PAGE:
rate of language change

Larry Trask larryt at cogs.susx.ac.uk
Tue Jan 26 16:49:46 UTC 1999

On Mon, 25 Jan 1999, H. Mark Hubey wrote:

[on the recent rapid change in French]

> Has there been any syntactic change?

Has there?  Has there ever!  Amazing things are happening to French

In standard French, `John has bought the car' is this (sorry; no

	Jean a achete la voiture.

But what you'll probably hear in France is this:

	Jean, il l'a achetee, la bagnole.

Literally, it would seem, `John, he's bought it, the car.'

French is becoming ever more like a native North American language, with
massive verbal agreement.

In standard French, a sentence can't end with a preposition.  But, in
spoken French, the following sort of thing is common:

	Paul, Marie a couche avec.

	`Paul, Marie has slept with.'

With a nice big fat preposition <avec> `with' at the end of the

In standard French, `There's the woman whose bag was stolen' is this:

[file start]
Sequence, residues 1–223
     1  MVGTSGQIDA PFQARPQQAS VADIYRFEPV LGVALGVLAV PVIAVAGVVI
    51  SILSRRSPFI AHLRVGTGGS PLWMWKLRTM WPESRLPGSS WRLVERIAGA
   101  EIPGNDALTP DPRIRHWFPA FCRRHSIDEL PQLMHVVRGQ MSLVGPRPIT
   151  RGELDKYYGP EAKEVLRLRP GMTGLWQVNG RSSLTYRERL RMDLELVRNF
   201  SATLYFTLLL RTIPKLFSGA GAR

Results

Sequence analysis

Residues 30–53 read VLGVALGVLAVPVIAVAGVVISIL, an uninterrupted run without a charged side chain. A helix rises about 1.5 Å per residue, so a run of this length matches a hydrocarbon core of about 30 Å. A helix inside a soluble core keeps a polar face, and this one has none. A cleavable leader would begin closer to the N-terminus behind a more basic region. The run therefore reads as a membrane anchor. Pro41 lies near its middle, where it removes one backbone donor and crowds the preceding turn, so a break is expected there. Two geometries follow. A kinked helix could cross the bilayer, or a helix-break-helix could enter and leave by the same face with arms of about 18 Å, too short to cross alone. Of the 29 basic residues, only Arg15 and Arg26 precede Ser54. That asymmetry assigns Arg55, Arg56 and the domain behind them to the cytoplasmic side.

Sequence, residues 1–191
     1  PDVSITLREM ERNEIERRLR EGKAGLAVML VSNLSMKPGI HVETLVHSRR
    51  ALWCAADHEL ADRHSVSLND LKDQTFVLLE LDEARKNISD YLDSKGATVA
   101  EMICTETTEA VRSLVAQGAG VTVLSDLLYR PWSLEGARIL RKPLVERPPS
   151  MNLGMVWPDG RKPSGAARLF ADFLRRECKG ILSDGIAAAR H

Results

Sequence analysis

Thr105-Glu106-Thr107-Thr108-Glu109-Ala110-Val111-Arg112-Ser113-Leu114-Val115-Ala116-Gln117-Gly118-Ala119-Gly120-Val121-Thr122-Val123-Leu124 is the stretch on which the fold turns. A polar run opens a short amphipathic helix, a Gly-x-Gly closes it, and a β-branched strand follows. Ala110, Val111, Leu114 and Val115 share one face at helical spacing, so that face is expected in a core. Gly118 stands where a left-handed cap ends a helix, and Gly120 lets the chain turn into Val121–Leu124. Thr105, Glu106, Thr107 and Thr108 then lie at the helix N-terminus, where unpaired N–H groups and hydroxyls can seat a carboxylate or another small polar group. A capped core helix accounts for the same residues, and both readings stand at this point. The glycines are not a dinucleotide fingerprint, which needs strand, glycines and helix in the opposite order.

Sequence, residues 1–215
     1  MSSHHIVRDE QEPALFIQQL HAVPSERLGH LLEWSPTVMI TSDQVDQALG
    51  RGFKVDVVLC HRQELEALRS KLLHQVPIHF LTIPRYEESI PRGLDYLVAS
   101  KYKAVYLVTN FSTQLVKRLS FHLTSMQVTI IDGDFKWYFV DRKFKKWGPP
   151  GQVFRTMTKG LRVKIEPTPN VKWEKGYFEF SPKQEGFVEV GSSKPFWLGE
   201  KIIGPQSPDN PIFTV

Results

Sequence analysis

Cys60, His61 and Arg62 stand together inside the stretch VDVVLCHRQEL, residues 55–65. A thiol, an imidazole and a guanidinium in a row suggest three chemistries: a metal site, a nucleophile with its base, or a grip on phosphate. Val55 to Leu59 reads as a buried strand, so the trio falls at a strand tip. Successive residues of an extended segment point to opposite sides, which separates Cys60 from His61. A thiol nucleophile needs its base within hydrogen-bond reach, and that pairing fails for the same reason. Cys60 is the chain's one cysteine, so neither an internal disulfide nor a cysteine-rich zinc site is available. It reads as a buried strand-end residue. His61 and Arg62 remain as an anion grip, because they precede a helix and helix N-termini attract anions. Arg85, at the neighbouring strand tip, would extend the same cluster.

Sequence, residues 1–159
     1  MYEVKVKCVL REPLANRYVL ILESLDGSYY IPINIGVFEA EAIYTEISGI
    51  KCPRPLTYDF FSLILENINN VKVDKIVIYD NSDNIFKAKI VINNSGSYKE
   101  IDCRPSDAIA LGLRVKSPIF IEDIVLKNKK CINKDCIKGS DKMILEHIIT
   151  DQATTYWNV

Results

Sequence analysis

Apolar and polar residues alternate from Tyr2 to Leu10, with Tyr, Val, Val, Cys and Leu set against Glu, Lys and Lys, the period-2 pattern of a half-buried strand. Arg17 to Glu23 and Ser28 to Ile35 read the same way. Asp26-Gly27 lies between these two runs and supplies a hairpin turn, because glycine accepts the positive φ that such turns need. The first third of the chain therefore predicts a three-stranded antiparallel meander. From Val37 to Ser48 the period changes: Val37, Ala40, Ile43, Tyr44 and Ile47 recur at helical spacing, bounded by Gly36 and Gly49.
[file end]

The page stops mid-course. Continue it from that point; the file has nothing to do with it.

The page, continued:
Voila la femme a qui on a vole le sac.

But what people say in Paris is often this:

	Vla la meuf qui s'est fait peta son keus.

With an utterly different construction.

A few years ago, a linguist who works on French was astonished to hear
somebody say this:

	Paul, Marie, elle a couche avec.

	`Paul, Marie, she has slept with.'

Only a minority of my French students regard this as acceptable when
they are asked directly, but clearly some people are saying it and
others find it acceptable.  And you won't find this construction in any
reference grammar of French.

Larry Trask
University of Sussex
Brighton BN1 9QH

larryt at cogs.susx.ac.uk

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